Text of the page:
OK, the love of a snowy day is not a passion that everyone shares. But I’m sure we all love a Snow Day, a day that is chalked up as a “bye” from the get-go. A day when no one in the outside world expects anything from you. A day when it’s OK to not even show up. One of those days.
Well, it has still refused to snow here on the Long Island Sound, so I had no choice. I had to go thrift shopping.
I do loves me a good Salvation Army Thrift Store.
Especially when there are so many thought-provoking objects on display.
Are these chairs supposed to be faux-pony or faux-Holstein?
Better yet, they swivel, too. Oh, dear faux-pony/Holstein chairs, why were you forsaken unto the Salvation Army thrift Shop? Did the lady of the house change the decor from hipster-faux-hipster to wretchedly-sincere? And wouldn’t you have made the transition just fine if given half a chance? Oh, dear faux-pony/Holstein chairs, the world was not meant for ones as beautiful as youse.
And if ever there was a couch whose upholstry referenced Paul Klee, it’s this one:
Get it, Get it, Get it, the hamsters in my brain are shouting at me. Not to sit on. (It doesn’t look as if providing a comfy seat is one of the priorities of this piece of furniture.) Just for looking at, and admiring my taste for acquiring it.
And it was hard for me to pass up this…
…given my love of vintage Paint by Number art. But the mountains did not hint enough of Scotland, and there wasn’t a horse behind the fence, and the season wasn’t Fall. So I talked myself out of buying it.
It was also hard to not grab these immediately:
The season is right (Fall)…
…and the landmarks are iconic (Sacre Coeur)…
…and the weird geography is wondrously dreamlike (if that’s the Arc de Triomphe, then there’s no way that can be the Champs Elysees, at least not the one that’s actually in Paris).
But the set was over priced at $13.00 and I can not, can not, can not start collecting ironic French stuff because there would be no end to that and I’m trying to live a de-cluttered life and I will pay no attention to the hamsters in my brain, pay no attention to the hamsters in my brain, etc.
Except when they go crazy over something like this:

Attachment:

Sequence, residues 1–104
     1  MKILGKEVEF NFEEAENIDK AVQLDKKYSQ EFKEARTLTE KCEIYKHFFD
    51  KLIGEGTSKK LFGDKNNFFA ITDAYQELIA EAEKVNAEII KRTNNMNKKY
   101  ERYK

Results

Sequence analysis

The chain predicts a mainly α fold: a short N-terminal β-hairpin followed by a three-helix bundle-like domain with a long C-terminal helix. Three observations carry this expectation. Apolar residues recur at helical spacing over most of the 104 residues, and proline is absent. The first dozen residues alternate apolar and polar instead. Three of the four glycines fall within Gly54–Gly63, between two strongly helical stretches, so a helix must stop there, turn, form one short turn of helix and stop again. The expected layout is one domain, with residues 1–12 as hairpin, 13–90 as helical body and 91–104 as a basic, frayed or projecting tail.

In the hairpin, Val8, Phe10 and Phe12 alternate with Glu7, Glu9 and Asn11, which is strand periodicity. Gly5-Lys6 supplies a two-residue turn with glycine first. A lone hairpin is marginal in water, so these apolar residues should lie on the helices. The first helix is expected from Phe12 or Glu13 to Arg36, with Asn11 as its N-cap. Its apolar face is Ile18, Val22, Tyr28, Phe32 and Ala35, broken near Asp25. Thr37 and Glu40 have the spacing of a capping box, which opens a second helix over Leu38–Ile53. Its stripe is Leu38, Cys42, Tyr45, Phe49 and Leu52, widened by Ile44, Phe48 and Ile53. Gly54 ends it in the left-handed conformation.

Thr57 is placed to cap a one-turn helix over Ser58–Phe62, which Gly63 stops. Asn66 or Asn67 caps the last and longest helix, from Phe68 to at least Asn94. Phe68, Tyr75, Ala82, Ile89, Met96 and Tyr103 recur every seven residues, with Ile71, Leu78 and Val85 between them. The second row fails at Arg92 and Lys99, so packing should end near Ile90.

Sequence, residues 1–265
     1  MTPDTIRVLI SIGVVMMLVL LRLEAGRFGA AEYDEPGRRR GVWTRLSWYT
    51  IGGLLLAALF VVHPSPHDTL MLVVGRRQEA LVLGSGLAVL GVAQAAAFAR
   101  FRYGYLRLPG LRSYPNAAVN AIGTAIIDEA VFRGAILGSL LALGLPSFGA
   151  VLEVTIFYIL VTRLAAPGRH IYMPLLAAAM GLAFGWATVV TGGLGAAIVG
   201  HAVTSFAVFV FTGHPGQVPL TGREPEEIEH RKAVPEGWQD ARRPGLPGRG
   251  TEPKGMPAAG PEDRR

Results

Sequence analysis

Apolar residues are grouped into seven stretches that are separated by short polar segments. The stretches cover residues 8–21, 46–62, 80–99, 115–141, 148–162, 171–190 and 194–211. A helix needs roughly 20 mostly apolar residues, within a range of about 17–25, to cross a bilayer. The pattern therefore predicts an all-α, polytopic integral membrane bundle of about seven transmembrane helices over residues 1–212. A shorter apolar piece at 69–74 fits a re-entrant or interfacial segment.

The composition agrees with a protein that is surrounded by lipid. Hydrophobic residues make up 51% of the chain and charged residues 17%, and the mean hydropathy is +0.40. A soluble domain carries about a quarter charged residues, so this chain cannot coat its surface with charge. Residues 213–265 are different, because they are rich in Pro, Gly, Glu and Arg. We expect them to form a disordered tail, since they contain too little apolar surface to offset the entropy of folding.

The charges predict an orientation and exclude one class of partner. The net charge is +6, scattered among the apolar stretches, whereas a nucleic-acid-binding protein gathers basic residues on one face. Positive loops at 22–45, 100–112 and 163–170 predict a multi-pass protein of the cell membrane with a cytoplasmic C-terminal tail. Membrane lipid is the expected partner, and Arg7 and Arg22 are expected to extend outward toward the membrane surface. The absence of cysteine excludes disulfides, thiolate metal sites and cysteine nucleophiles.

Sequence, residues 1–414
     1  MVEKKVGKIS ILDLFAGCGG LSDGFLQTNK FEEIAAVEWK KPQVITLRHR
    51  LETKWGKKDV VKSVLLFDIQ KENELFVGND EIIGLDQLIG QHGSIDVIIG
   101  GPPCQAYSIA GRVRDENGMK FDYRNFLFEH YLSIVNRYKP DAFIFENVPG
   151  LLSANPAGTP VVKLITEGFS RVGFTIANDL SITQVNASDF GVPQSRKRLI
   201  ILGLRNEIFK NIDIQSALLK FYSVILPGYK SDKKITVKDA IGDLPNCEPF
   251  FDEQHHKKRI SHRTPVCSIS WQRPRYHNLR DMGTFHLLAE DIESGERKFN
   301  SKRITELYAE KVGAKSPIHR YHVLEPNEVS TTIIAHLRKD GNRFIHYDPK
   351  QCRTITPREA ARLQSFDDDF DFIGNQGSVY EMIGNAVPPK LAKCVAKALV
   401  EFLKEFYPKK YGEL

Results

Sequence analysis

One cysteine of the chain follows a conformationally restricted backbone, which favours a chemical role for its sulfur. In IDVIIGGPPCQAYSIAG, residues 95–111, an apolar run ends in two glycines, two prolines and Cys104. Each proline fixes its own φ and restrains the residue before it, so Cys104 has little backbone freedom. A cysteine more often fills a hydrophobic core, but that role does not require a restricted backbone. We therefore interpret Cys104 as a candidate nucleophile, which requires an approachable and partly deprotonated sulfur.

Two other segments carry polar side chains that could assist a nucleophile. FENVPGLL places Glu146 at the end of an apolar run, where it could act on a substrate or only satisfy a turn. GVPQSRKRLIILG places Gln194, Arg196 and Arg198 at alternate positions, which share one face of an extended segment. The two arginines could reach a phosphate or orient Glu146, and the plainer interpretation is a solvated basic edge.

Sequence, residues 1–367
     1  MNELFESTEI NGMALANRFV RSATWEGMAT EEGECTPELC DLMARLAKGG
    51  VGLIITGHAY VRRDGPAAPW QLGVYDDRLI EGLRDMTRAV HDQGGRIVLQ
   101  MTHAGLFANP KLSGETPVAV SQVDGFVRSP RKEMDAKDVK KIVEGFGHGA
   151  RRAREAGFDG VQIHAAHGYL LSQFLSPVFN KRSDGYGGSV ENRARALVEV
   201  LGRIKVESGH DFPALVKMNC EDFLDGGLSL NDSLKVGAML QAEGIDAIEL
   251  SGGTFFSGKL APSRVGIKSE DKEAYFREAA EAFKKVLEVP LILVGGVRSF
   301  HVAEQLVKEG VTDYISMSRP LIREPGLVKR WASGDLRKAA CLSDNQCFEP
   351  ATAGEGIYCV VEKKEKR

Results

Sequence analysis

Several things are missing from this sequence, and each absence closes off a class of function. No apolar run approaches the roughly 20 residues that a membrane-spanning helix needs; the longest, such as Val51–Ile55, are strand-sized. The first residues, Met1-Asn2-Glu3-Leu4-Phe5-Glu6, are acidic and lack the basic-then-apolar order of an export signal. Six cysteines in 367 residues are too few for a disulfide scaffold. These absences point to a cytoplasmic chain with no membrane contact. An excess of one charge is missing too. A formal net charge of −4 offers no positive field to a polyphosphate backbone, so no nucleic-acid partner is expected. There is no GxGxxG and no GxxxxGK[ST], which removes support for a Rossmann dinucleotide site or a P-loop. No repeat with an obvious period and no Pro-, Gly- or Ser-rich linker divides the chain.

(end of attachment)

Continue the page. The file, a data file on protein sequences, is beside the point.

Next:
Somebody loved this little dog statue very, very much. It’s only eight inches tall, and made of ceramic from a company called Tilso(the label on the base also says “Handpainted – Japan”).
I know that this little object was beloved because for one, it was spotlessly clean. Usuallywhen a piece as old as this turns up at a thrift shop it’s coated in a film of grease and grime from having been overlooked in an old person’s house for decades. No, this little dog had been cleaned regularly, so someone loved it very much.
Also, there was nary a chip of the most vulnerable bits — the flower petal and the ear tips were in tact, another indication that someone cared deeply about this object and protected it. Probably gave it the place of honor somewhere in the living room, or boudoir. I don’t find this dog particularly cute but I could not bear to see it languish in the Salvation Army Thrift Shop, where it might get brushed off its perch by a passer-by or shoved against the old lamp next to it, shipped or cracked or smashed, an ignoble end after all those years it spent as an object of desire. I suspect that that is exactly what happened to the twin of this little dog, since this is the kind of thchokha that comes in pairs, otherwise what is the little fella looking at???
So for $6.00 I rescued this little dog, and until I can find an obsessive collector of Tilso knick-knackery, it will have a good home with Top Cat and me.
Thank DoGfor the Internet. Because it took one Google to find out that:
Tilso was part of L.Batlin and Son, a New York City-based company that was formed sometime prior to 1913. L.Batlin and Son began as dealers of antiques, and following the depression formed the import company Tilso. Importing various ceramic items from Japan, including vases, clocks, dishes and figurines, Tilso was in business until 1976. The name Tilso was derived from the names of the owners wife and daughter, Tillie and Sonia.
I also brought home another piece de resistance.
No, not the groovy vintage floor-length Summer frock:
I found a hand-sewn fully reversible jacket, made of a pomegranate-toned batik material on one side:
And a very 1980s patchwork purple corduroy on the other:
It’s the asymmetry and the startling colors and the trying-too-hard cool zaniness that brings back fond memories of those good old days when I was in my prime, that halcyon era of yon 19 and 80s, when terrorists were everybody else’s problem and nobody had even heard of “rap” music. And we wouldn’t have believed it if someone had told us that hip hop was going to kill rock and roll. Sigh.
You can’t tell from these photos, but this jacket is beautifully made. Someone went to a lot of trouble to sew this.
Oh, dear wearable art project of unknown provenance, why were you forsaken unto the Salvation Army thrift Shop? Did someone not wear you to the big Duran Duran concert after all? Did you get pushed to the back of the closet when grunge became all the rage? Or was your exuberant sense of style too embarrassing when your owner went goth?
If only corduroy could talk.